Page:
Random site errors, slow loading pages, or missing files can make even the most even-tempered WordPress user begin to panic. We’ve all been there!
The time you have to work on your blog is precious, and unexpected errors get in the way of your plans. To make it worse, it’s not always easy to figure out what’s causing the error, which can make finding a solution tricky.
What are the steps you can take to troubleshoot the mystery errors quickly and get everything back to normal?
Understand the process
Let’s start with a quick look at what WordPress is and how it works. Your WordPress site is essentially a library of files and folders organized in a database and housed on a server. It has a domain, also known as an address or URL, that readers use on their devices to find your site.
When someone types in your site address or clicks on a post or file (e.g., an image, a PDF to download, etc), their device requests the related files from the library, and the database locates them. WordPress core, your theme, and the plugins on your site determine how those files are displayed and in which order.
This process happens fast—usually seamlessly and without error. But incompatibilities or changes to the parts making up your site can cause errors. This could be as tiny as one or two lines of code that conflict between plugins or changes to the permissions for user accounts. It could also be larger issues, such as how a specific device runs the code on the site or a DDoS attack on your site. Or any number of other issues.
The next time you get an unexpected error, follow these 6 steps to identify and resolve the problem:
1. Log out and see if the error disappears.
Log out of WordPress to figure out whether the issue is isolated to your user account or affecting everyone. Or you can view the site in an incognito or private window. For example, if your site is loading sluggishly, it could simply be that your site is not being cached for logged in users. Logging out ensures you’re seeing what your readers see when they visit your site.
2. Test your site on different devices.
If the error is visible for logged-out visitors, the next step is to rule out your device or browser as the source of the problem. You can do this by loading your site on different browsers and devices. If the issue resolves itself when you use a different device, you’ll know that the problem is with a setting in your browser or device and not something in your site’s code. If this doesn’t resolve the issue, move onto the next step.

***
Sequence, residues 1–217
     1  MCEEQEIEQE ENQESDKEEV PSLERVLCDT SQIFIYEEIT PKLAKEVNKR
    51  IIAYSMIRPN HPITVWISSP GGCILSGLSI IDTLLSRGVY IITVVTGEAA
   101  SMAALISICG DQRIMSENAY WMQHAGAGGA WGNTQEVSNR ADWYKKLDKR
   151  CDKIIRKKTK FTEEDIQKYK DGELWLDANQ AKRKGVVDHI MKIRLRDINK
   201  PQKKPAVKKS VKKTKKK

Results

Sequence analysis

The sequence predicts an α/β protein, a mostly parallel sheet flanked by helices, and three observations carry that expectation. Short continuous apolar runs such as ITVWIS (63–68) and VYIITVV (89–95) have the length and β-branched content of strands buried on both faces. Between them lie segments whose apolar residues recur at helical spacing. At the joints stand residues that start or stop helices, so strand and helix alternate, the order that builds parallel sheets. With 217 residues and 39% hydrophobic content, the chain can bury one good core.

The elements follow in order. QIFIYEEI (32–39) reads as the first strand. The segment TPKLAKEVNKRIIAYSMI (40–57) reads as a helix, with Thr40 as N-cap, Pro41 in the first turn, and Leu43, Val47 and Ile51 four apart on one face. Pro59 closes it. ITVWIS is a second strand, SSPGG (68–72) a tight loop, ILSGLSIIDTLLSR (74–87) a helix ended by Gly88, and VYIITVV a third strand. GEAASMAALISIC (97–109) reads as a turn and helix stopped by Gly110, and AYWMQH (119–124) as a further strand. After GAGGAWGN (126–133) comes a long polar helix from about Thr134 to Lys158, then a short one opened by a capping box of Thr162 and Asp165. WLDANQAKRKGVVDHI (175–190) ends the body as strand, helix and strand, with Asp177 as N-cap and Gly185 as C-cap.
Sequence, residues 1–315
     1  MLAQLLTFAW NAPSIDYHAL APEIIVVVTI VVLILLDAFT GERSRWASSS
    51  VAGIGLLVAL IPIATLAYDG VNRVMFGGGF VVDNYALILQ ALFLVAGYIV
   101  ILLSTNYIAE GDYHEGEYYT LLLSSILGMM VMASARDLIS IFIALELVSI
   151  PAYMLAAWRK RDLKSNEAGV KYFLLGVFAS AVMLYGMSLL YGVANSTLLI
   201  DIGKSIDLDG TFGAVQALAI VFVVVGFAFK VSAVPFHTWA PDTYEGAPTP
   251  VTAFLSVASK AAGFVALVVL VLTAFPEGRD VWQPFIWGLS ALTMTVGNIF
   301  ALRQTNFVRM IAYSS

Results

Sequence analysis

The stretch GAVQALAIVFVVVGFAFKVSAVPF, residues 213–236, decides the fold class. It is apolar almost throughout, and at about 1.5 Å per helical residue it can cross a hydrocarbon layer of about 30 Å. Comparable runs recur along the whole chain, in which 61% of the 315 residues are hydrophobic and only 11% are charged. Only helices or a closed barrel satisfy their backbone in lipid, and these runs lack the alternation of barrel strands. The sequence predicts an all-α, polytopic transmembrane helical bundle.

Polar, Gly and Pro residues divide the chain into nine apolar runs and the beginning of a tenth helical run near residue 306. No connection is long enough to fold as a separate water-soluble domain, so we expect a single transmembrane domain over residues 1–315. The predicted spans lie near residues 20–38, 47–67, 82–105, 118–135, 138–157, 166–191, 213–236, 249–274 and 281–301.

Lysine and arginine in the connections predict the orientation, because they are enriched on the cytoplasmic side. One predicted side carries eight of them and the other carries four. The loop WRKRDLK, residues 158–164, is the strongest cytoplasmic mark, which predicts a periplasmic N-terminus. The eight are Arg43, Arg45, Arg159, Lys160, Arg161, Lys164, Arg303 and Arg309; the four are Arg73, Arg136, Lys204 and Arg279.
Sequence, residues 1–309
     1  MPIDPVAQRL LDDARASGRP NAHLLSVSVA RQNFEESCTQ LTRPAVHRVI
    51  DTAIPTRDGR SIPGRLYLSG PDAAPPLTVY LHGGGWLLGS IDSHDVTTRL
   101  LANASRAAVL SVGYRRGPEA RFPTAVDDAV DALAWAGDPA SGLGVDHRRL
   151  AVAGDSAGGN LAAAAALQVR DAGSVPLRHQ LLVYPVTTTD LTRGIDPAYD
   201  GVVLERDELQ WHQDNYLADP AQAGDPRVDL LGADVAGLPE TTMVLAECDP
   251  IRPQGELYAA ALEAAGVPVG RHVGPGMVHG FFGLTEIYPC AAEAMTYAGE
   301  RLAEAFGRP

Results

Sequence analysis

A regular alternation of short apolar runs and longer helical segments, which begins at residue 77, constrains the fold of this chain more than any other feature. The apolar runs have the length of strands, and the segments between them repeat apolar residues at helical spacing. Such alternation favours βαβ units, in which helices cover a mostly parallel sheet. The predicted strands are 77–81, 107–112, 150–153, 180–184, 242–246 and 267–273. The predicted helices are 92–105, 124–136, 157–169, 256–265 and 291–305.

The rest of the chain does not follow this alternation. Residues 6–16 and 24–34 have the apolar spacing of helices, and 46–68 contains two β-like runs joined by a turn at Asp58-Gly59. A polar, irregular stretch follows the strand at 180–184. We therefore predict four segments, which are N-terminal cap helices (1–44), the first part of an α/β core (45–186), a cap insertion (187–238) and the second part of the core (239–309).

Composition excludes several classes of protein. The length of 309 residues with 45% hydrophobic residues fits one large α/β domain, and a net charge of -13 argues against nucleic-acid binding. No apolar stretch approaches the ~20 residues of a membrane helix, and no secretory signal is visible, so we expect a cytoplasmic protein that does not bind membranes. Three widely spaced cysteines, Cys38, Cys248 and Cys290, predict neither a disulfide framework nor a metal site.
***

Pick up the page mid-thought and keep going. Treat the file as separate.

3. Update everything.
It’s important to install updates to WordPress, your theme, and your plugins. Many bloggers let these updates pile up or don’t update until things on their site get sideways. Updating regularly not only solves some issues but also keeps your site secure. Remember to take a backup first before updating WordPress core, your theme, and your plugins!
4. Deactivate plugins.
If the previous steps haven’t addressed the issue, your next step is to begin deactivating plugins one at a time. Doing this will help identify the one causing the issue. Plugins don’t always play well with others, and this can help you find the potential culprit. If your site continues to have issues even after you’ve deactivated all of the plugins, reactivate them and move onto the next step.
You’ll want to clear your cache or use a fresh incognito window for each test to ensure that you’re not seeing a cached version of the site.
5. Restore a backup.
You’re running regular backups, right? (You should be and your hosting company should be too.) If your site started acting up recently, and none of the aforementioned tests helped you resolve it, restore your last backup. If this fixes the issue, the problem is most likely a change you made on your site between the date of your last backup and now.
6. Ask for help.
When all else fails, reach out for help! If you know the problem is with your theme or a specific plugin, reach out to the developer’s support team. If you work closely with a designer or web developer, they may be able to quickly identify the problem. Or if you’re an Agathon hosting client, our support team is always available to take a look!
When asking for help, share as many details as you can about the problem you’re experiencing (screenshots are always helpful!) as well as what steps you’ve taken to troubleshoot. The more detail you share the better!
Morgan is responsible for interacting with and supporting clients at every stage of their relationship with Agathon. He loves people, and his empathy, communication, and humor make him a favorite among our clients.